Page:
This is related to my question on trying to diagnose what's wrong with my alternator, but I feel it stands alone as it's own question.

I ordered a new rectifier based on the findings listed in the linked question, but when I opened the alternator up I noticed that the brushes looked really short:

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I took a screen shot from a video of someone replacing the brushes on a similar model Mitsubishi alternator:

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Just as a quick recap, it's an 80 amp alternator and the field control unit ( ECU does voltage regulation ) has a 14.3 volt set point. At 2100 rpms, it's maxing out at about 58 amps and between 12.6 - 13 volts while at the same time drawing about 3 - 5 amps from the battery as well.

So looking at this it makes me wonder if my problem may just be that the brushes are too short and it's not the rectifier?

What are typical symptoms of short brushes?

  • 1
    I doubt the length of the brushes would make a difference, that is until they are worn down to the springs. The main thing with brushes is how they contact the armature slip rings. Weak springs could cause an issue. I think the main thing you need to do is pull out the carb cleaner on the internals. Then check for cracking/wear on the connections. Make sure nothing has worn into something else, etc. Ensure everything has a clean connection. If the brushes are really short, replacing them will not hurt anything. Ensure you regrease the bushings/bearings for smooth operation. Commented Aug 7, 2016 at 12:45
  • I would replace the brushes with new ones, those are at end of life.
    – Moab
    Commented Aug 7, 2016 at 15:12

1 Answer 1


The brushes' job is to solve the problem of how you make a connection between the fixed and moving parts of the alternator. Over time the brushes wear, but as long as they are making a connection the length shouldn't matter.

So, check that the contact surfaces are clean and smooth and that the brushes move freely (so that they can make a solid connection). If one of the brushes was hanging up, that could explain the low output. You should be able to push the brushes back up into their housing and have them return smoothly and positively.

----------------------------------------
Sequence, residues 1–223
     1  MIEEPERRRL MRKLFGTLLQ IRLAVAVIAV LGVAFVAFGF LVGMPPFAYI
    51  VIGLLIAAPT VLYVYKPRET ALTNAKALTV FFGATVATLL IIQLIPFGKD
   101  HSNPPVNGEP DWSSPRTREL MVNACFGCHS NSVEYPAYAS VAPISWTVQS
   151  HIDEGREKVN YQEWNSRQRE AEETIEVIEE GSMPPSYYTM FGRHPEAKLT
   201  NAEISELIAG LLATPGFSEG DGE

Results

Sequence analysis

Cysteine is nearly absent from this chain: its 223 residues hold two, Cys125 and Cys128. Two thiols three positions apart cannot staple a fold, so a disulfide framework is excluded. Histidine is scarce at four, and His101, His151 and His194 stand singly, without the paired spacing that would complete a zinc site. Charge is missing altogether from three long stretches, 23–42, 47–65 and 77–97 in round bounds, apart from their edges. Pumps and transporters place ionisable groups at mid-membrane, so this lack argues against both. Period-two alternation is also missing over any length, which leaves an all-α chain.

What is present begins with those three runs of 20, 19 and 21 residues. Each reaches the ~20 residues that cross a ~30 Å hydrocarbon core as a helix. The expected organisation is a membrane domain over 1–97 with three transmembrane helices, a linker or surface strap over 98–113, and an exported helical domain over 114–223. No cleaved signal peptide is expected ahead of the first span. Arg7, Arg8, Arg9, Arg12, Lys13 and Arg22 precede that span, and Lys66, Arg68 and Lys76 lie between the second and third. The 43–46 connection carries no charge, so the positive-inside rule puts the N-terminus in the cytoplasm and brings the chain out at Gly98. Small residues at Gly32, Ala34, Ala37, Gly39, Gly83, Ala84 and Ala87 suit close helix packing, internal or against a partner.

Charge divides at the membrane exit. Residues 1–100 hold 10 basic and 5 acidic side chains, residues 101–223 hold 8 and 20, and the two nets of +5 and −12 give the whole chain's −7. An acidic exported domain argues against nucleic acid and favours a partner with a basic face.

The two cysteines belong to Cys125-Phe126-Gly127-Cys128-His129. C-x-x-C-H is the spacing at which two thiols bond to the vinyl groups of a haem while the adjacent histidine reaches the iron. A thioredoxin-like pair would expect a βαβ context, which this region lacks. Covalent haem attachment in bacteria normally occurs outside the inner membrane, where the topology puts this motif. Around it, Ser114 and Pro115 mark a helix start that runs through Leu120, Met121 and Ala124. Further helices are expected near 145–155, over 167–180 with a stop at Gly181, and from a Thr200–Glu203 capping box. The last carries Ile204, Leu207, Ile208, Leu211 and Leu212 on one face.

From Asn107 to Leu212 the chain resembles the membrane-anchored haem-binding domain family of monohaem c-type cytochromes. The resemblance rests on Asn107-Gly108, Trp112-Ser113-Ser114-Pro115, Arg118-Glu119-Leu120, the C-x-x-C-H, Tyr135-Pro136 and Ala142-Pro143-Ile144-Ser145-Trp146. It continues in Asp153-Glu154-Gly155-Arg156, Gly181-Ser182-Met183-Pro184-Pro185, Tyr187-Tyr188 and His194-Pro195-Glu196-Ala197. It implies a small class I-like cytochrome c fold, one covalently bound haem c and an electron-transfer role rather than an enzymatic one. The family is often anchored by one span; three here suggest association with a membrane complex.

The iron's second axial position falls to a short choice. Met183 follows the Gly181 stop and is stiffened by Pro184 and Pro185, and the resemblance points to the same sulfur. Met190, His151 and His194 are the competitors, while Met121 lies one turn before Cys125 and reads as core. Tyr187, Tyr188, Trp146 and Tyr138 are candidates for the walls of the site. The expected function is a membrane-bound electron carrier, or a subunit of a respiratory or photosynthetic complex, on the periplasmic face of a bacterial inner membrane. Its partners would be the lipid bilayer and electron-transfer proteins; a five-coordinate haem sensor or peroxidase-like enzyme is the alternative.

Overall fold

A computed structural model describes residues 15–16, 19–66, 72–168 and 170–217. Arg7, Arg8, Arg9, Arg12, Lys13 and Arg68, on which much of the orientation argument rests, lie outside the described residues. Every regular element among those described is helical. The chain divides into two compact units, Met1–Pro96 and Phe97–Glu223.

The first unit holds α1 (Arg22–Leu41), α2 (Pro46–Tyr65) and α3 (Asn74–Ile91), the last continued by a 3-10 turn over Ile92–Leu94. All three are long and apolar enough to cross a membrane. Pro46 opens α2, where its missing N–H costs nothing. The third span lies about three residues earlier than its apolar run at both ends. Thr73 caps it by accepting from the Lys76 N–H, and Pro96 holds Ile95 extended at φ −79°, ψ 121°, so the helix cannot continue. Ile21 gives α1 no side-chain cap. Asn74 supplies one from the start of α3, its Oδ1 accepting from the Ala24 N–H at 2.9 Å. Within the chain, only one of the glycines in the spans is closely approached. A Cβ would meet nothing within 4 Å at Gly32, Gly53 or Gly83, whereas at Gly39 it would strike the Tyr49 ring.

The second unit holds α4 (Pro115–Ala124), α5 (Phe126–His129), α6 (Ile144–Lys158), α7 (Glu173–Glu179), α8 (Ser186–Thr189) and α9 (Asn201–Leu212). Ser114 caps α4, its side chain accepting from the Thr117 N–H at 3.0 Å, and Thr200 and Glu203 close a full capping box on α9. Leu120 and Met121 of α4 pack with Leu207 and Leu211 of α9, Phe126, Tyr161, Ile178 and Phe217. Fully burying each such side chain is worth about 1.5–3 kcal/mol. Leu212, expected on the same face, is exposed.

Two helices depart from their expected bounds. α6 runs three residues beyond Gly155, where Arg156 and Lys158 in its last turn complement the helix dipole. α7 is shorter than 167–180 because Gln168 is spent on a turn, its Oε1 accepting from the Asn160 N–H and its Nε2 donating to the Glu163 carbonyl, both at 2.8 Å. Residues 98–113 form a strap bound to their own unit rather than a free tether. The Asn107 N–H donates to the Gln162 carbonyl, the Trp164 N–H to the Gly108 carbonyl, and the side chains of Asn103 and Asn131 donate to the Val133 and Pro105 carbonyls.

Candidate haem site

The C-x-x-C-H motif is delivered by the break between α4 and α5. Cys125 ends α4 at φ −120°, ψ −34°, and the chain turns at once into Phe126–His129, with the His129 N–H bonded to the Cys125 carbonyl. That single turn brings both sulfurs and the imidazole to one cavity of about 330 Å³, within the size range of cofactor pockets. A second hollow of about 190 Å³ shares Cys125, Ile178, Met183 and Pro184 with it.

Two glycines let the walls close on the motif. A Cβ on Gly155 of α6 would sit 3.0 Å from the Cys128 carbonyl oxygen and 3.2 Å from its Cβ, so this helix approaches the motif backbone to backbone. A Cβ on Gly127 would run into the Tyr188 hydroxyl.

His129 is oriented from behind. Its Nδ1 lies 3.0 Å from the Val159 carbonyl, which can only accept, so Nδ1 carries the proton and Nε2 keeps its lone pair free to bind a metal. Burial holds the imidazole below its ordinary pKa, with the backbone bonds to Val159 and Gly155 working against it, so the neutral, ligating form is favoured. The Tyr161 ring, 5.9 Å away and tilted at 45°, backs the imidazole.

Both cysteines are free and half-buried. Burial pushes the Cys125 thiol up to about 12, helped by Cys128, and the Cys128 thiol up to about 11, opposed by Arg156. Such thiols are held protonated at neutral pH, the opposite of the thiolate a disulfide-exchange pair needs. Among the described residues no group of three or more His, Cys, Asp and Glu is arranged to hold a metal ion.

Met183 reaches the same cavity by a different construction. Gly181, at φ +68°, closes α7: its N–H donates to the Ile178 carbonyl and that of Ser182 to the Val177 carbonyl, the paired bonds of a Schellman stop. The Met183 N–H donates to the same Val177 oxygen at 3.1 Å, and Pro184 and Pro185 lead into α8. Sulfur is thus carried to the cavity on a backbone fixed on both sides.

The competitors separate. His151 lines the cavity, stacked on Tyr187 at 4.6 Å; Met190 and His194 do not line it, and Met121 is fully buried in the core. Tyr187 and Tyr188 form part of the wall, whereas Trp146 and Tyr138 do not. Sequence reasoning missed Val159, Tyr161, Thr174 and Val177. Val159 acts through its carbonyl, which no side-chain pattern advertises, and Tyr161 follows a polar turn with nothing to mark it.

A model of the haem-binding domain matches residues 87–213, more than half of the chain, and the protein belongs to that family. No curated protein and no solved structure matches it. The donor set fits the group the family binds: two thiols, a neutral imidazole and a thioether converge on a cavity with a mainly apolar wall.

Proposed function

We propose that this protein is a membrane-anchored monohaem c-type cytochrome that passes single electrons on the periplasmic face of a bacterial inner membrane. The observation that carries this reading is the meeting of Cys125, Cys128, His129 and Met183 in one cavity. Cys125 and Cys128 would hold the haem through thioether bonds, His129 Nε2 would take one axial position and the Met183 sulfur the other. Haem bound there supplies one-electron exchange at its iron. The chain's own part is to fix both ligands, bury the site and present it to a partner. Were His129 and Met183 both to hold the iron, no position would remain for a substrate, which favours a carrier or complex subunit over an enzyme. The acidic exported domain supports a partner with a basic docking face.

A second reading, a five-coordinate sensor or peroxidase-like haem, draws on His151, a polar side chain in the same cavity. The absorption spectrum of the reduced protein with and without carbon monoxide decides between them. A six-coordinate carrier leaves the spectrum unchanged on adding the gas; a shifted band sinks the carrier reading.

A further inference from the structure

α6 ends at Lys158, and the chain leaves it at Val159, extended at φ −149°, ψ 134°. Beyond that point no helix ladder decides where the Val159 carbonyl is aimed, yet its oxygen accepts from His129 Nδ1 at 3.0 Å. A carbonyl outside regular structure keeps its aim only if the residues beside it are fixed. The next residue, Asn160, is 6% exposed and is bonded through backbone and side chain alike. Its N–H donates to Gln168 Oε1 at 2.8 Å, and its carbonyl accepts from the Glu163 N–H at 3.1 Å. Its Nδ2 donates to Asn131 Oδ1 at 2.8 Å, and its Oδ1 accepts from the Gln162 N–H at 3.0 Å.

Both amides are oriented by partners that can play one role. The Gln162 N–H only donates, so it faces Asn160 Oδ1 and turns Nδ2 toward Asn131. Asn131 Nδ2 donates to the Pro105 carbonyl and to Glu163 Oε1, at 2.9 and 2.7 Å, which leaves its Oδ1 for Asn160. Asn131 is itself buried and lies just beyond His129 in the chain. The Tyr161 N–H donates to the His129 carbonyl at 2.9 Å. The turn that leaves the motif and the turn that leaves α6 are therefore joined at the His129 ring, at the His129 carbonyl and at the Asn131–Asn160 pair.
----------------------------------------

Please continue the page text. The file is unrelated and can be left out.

If the brushes are hanging up "in real life" because they've cocked in their guides as @Paulster2 suggests in the comment below you will probably be able to see this in the wear pattern on the face of the brush that rides on the slip ring. Instead of being one smoothly curved surface it will be "faceted" – you'll see one or more lines where the brush has worn in different positions. If the hanging up gets bad enough the alternator may drop off line or be intermittent in its output.

Another thing to check is that all the rectifier diodes and all three windings are in good shape. The max output you're seeing is pretty close to 2/3 of the alternator's capacity, that makes me think that you may have lost one leg (hopefully in the form of failed diodes rather than an open winding).

  • 1
    I was thinking along the same lines, but didn't know the finer points. I can see if the brush gets too short and start cocking-over in the brush bore. That would cause an issue, but I think you'd be able to see the brush face not looking "square" (using the term generically) to the brush body at that point. Brushes are typically made out of graphite materials, so should slide in their bore pretty easily. Commented Aug 7, 2016 at 13:51
  • 1
    Good point. Look at the faces of the brushes if they are faceted then I'd take that as a sign that they are too short.
    – dlu
    Commented Aug 7, 2016 at 13:54
  • "Faceted" is a great way of putting that ... very succinct and accurate! I always use too many words, lol. Commented Aug 7, 2016 at 13:56
  • Once I got the stator and "regulator" / rectifier assembly out from it's casing it became pretty obvious that the stator was bad. Everything in there had a kind of burnt look to it and the insulation on the stator windings was cracking and chipping off in multiple places. Looks like this alternator is toast ( literally ) so I'm just going to junk it and either pick one up at the junk yard or maybe get a rebuilt one. Commented Aug 8, 2016 at 11:50
  • I'd lean towards a rebuilt one. The shop may want the old one as a core.
    – dlu
    Commented Aug 8, 2016 at 11:56

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